I wish I had done these
Go to Enchanted Kingdom with friends. Twelve of us planned that for a whole year, but it still hasn’t happened.
Learn aikido, but I’m not confident enough.
Finish reading all the books I bought from the floating library, the ship Logos Hope. I have eight books of at least 300 pages each. I wanted to finish reading all of these before classes resumed, but I haven’t started on any, except “Aries Rising.” I started reading it on April 23, but I haven’t even finished half of it yet.
Have a party with some friends to celebrate my 15th birthday. That didn’t happen. They were out of town, out of the country or they found my house too far from theirs.
See my friend Lex at the new Olongapo City mall. It rained hard so we weren’t able to meet.
Swim in a pool with my cousins in Subic or Olongapo. My cousins preferred to go to a mall so we weren’t able to swim at all.—Joan Torres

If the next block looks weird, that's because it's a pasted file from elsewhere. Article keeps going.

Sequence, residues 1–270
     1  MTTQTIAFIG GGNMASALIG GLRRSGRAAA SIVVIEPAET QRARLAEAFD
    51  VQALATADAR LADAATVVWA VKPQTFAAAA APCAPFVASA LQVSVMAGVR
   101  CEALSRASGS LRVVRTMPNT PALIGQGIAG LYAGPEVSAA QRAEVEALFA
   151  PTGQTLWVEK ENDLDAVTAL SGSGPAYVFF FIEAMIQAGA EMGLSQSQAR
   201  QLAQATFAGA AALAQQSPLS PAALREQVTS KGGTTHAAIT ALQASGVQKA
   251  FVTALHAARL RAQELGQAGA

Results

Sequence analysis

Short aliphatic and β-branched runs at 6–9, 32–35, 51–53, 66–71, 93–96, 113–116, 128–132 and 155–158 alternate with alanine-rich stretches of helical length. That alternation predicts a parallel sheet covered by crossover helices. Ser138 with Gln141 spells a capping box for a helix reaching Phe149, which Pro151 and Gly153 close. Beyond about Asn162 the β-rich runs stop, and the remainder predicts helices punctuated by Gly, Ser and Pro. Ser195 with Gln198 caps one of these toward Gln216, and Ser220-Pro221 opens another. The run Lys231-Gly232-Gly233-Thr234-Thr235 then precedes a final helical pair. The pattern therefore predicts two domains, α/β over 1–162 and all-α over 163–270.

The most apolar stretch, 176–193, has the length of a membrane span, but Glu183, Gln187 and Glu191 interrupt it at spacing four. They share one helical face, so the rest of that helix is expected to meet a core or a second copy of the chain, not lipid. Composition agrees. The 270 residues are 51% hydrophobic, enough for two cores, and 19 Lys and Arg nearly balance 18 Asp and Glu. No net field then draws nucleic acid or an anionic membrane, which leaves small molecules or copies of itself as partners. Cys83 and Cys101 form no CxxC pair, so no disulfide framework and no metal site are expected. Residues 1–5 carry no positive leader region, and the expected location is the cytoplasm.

The good stuff
I wanted to write my memorable experiences in a journal. It’s always good to read the stuff that happened, like the fun run I joined in Laguna, and visualize those special moments. Sometimes I force myself to lift weights to burn the impurities from my body and make it fit. The only problem is after weight lifting, I get really hungry.—Miguel Jalandoni
Couch potato for two months
I planned to go abroad, but I just stayed home, watched TV, ate chips, grew a moustache and a goatee. I planned to join a workshop, but I was too lazy to get out of the house, stand, walk, even find the TV remote.
I planned to go to the beach but realized that after the fun, I’ll go back to boring reality. I know, I know, call me a lazy bone or couch potato, but it was fun living like that for two months.—Jonathan Cuyugan